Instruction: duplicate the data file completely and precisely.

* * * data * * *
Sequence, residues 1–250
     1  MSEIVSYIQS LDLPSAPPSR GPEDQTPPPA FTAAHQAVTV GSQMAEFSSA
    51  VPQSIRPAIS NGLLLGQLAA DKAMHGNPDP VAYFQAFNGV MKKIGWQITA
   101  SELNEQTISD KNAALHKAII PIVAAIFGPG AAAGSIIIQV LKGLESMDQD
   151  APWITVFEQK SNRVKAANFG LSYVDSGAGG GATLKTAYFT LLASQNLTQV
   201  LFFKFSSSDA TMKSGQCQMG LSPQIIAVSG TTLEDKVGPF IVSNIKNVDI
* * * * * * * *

Sequence, residues 1–250
     1  MSEIVSYIQS LDLPSAPPSR GPEDQTPPPA FTAAHQAVTV GSQMAEFSSA
    51  VPQSIRPAIS NGLLLGQLAA DKAMHGNPDP VAYFQAFNGV MKKIGWQITA
   101  SELNEQTISD KNAALHKAII PIVAAIFGPG AAAGSIIIQV LKGLESMDQD
   151  APWITVFEQK SNRVKAANFG LSYVDSGAGG GATLKTAYFT LLASQNLTQV
   201  LFFKFSSSDA TMKSGQCQMG LSPQIIAVSG TTLEDKVGPF IVSNIKNVDI